Paper presented at the conference:
'Capacity Building for Information Technologies
in Education in Developing Countries' (CapBIT)
(25-29 August 1997, Harare, Zimbabwe)
David Berg, Jeannette Vogelaar 1
The dynamics of today's world require a new approach to learning. Rather then tinkering with the current educational practices aiming at improving the situation, we should approach the current crisis of schooling from a completely different perspective. The need to learn how to learn and to provide multichannel learning opportunities through a variety of flexible delivery mechanism forms the basis of this new perspective.
How can we teach teachers how to learn? Ongoing professional development through the establishment of collaborative learning networks promise to provide incentives for change not perceived before. An important driving force behind these professional networks are the emerging information and communication technologies. On this observation UNESCO is developing and implementing a project in Africa, with a pilot in Zimbabwe.
Creating Learning Networks for African Teachers is a project that
is currently being implemented in the framework of UNESCO's Learning
Without Frontiers (LWF) initiative. The project aims to benefit
from the emerging powers of modern information and communication
technologies to stimulate processes of change within the broader
objective of rethinking education and learning. In this paper
we introduce the rationale behind this project and elaborate on
the opportunities and challenges we are facing with the implementation
of pilot activities in Zimbabwe.
2. Learning and Teaching in a Changing World
Today's world is rapidly moving towards a more open and global society, bringing opportunities for economic growth, peace, human rights and international partnership, but also creating new sets of problems related to changing patterns of labour, multi-cultural societies and environmental disruption. Knowledge is dynamic: what is true today, may have no value tomorrow. At the same time, access to information is perceived to be vital to economic development and power. The increasing variety of media sources and growing amount of accessible data create a situation in which the individual or community at the receiver end is increasingly becoming responsible for the selection of relevant, useful and accurate information, a responsibility requiring critical media awareness. While information and communication technologies more and more allow for many people to also generate and disseminate information, and thus play an active role in the processes of interaction between professionals, laymen, learners, policy makers, peers, etc., it requires skills and knowledge and access to resources to effectively do so.
Pressures of the contemporary age require people, communities and institutions to continually develop and utilise different kinds of knowledge frameworks, value systems, intelligences and skills in order to make sense of, adapt to and contribute to change in constructive and non-violent ways. There is a need for people to learn how to deal with the changing demands of our society and at the same time, develop the capacity that allows them to change in order to take control. Learning has become an essential condition for personal and societal growth and development. The report of the Delors Commission defines the vision of the coming century as one 'in which the pursuit of learning is valued by individuals and by authorities all over the world, not only as a means to an end, but also as an end in itself' (Delors et.al., 1996).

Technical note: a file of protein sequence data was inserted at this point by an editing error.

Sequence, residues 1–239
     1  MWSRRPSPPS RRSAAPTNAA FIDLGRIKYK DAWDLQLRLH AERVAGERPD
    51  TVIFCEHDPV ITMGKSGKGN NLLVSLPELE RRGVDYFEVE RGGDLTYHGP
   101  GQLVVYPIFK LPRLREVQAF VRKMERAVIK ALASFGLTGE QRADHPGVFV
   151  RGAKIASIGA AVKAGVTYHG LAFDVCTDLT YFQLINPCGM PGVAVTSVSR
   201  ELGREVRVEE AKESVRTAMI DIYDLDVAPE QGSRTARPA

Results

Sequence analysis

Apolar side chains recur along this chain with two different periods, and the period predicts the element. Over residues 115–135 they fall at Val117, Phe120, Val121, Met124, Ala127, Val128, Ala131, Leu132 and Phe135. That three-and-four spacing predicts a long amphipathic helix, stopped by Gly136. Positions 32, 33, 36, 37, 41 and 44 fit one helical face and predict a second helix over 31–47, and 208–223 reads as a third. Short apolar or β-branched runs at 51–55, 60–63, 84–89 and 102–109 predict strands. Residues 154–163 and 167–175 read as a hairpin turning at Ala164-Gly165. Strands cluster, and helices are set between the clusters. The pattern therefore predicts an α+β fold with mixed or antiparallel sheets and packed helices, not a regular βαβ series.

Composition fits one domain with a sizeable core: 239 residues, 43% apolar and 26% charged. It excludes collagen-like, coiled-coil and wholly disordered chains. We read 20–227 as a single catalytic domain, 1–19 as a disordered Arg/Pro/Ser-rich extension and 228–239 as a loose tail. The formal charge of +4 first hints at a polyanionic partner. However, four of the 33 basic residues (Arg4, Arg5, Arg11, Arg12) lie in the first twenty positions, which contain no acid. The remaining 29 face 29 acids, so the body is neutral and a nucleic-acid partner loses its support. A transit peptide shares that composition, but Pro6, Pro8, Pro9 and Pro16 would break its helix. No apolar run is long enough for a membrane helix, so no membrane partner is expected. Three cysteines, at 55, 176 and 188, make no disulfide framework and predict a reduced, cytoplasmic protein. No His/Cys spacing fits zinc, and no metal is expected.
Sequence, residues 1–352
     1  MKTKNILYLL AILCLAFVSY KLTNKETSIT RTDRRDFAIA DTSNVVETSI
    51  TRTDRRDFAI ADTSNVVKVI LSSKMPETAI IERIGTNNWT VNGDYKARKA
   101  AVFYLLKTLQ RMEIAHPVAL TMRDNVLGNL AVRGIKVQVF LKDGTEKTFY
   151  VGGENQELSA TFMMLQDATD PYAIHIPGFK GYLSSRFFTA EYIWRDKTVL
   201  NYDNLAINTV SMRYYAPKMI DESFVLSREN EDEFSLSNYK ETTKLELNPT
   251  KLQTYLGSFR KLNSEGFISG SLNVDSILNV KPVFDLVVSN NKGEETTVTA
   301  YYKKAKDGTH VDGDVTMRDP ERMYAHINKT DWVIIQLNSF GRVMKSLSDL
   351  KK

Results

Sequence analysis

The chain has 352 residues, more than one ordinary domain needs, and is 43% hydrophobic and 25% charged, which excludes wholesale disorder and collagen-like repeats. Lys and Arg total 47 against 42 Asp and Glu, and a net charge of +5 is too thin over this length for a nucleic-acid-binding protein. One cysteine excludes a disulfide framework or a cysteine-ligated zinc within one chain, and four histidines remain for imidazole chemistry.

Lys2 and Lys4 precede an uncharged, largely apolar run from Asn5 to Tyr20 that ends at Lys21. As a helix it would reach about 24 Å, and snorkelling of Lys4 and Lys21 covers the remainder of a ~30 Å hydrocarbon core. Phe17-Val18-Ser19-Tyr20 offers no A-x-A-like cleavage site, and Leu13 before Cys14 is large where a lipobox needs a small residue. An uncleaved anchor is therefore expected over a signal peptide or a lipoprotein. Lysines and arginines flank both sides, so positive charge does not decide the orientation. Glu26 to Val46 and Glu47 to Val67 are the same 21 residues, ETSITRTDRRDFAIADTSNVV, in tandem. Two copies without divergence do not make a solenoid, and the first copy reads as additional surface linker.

During the second half of this century education received more and more attention as a major factor contributing to development, mainly driven by the thinking represented in the emerging human capital and modernisation theories (see Fägerlind and Saha, 1983). This resulted in expansion of school enrolment and increases in educational expenditure in absolute terms on a global level. Such actions have been stimulated and reinforced by international conferences such as the World Conference on Education for All (Jomtien, Thailand, 1990) and the mid-decade meeting of the International Consultative Forum on Education for All (Amman, June 1996). While these actions have to be applauded for the achievements in achieving higher enrolment figures, we see at the same time how schools increasingly fail to provide the learning opportunities required in today's communities.
Both human capital theory and modernisation theory have been criticised on their weak argumentation regarding the role of schooling in development. Fägerlind and Saha (1983) argue that schooling is mostly adaptive in nature and reproduces existing social and economic systems rather than triggers change and development. Apart from theoretical critique we can observe now, in the late 90s, that also reality has proven us wrong in our belief in the expansion of the school system as such. In the 70s and 80s, Africa had the highest growth figures in educational enrolment at all levels as well as in expenditures for education as a percentage of GNP (UNESCO, 1995). In the 90s these figures have stagnated or even declined. In Africa more than 200 million adults are illiterate (44% of the adult population) and the gross enrolment figures in sub-Saharan Africa are 73,1% for primary level, 23,1% for secondary and 3,3% for tertiary level education. We also see increasing numbers of drop outs and alarming high unemployment figures among educated youth. Furthermore, the fast increasing enrolment during the 70s and 80s has resulted in ongoing excessive pressures on school systems through increased need for training and re-training of teachers, for more schools, for adaptation of curricula, for more textbooks and learning materials and for improved communications and administration systems.